I was contacted out of the blue by a man who was close friends with a business acquaintance of mine and he was looking to have the holiday home he has in Dunfanaghy, Donegal photographed as all they currently had were shots they had taken themselves. He felt the house wasn’t being shown to its best by the images they had on the holiday home websites and needed something more professional to show the house at it’s best.
Unlike a lot of holiday homes in the area and generally, this property was decorated as a home. A lot of the local houses were empty buildings wtih very little in them besides the basic furniture. This cottage was used by the couple who owned it during the winter months as a second home and as such it was definitely like walking into someone’s home with rugs and paintings on the walls. The couple who owned the house hoped to consolidate the rentals into the middle of the year during the summer so that they could have three or four months over the winter months where the house would be theirs which would make it easier for them to get use of it.
The brief was to simply get a photograph of all the main rooms in the house, in particular the living room, kitchen and bedrooms. The owners had an idea of the kind of shots they wanted to get so we went from room to room looking for the best angles and trying to get images that captured the feel of the house being a ‘home’ rather than just another bare rental property.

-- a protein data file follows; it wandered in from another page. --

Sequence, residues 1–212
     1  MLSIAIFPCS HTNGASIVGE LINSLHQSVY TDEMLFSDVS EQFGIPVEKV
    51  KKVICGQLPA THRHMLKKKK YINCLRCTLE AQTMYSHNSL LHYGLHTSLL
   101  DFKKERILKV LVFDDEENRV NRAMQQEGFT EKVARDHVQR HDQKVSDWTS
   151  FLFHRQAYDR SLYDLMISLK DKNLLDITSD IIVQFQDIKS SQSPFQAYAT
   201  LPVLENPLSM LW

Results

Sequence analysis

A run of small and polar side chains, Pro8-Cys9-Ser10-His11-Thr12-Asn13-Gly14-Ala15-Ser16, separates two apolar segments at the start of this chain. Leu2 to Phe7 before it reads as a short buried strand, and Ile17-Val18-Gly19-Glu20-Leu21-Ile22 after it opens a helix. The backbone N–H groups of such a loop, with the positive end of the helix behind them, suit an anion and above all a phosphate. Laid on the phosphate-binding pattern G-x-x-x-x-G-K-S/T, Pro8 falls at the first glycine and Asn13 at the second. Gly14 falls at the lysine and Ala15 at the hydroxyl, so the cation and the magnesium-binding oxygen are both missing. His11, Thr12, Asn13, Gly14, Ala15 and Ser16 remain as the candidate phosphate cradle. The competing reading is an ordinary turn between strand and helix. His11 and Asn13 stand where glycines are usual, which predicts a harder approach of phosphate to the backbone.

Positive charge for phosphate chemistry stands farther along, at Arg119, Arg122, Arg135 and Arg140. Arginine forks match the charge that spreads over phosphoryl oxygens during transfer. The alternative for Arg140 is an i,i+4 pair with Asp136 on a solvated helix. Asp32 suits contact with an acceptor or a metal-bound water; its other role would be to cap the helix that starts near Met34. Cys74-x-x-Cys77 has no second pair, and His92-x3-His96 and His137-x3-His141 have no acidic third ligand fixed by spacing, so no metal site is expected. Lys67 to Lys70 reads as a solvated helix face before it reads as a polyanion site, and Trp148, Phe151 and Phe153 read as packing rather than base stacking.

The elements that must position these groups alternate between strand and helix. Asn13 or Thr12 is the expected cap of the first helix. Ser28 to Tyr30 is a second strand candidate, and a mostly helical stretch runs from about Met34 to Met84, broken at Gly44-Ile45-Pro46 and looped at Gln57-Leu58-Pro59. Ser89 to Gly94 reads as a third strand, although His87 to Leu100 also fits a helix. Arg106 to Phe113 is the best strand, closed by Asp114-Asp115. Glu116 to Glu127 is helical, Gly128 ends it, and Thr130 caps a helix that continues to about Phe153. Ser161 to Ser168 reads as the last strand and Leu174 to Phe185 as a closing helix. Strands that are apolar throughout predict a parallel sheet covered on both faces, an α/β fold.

From a technical point of view the majority of the images were shot using daylight or ambient light. In a couple of the rooms I used portable speedlights and bounced these off white walls or a large Lastolite popup reflector I had to add a bit of fill light into the darkest areas of the rooms. I didn’t want to over complicate the photos by using lot’s of lighting equipment and I wanted to keep the look of the images quite natural and casual. I used a wide angle 16-35mm F4 lens for a couple of the shots but I also used a 28-70mm F2.8 for a lot of the images I was maybe looking to focus on a small portion of a room or look through a doorway from a distance and blur the foreground or background. I also wanted to minimise distortion in the images as it always looks a bit unnatural having vertical edges of walls appearing to fall backwards due to the use of an extreme wide angle. I tried to keep the tripod as close to waist height as often as possible to help minimise distortion in the verticals too.
The house itself was lovely and the fact that it was fully decorated and lived in made it much easier to get interesting shots of the rooms. It’s always harder to get interesting photos of empty looking rooms as there isn’t anything to catch the viewers attention. The owners themselves were quite happy for me photograph sections of the rooms rather than trying to fit the whole room into the shot. For example in the shot below I had the camera on the tripod outside the room and was looking in past the door and focused on the bed. Again for a shot like this I kept the set-up very simple and had the large Lastolite reflector in the room behind the door to bounce some light back onto the bed.
This was a really interesting job, the clients and myself were both very pleased with how the images turned out. I’ve added some more images from the day below. Remember you can click on the images to view a larger version.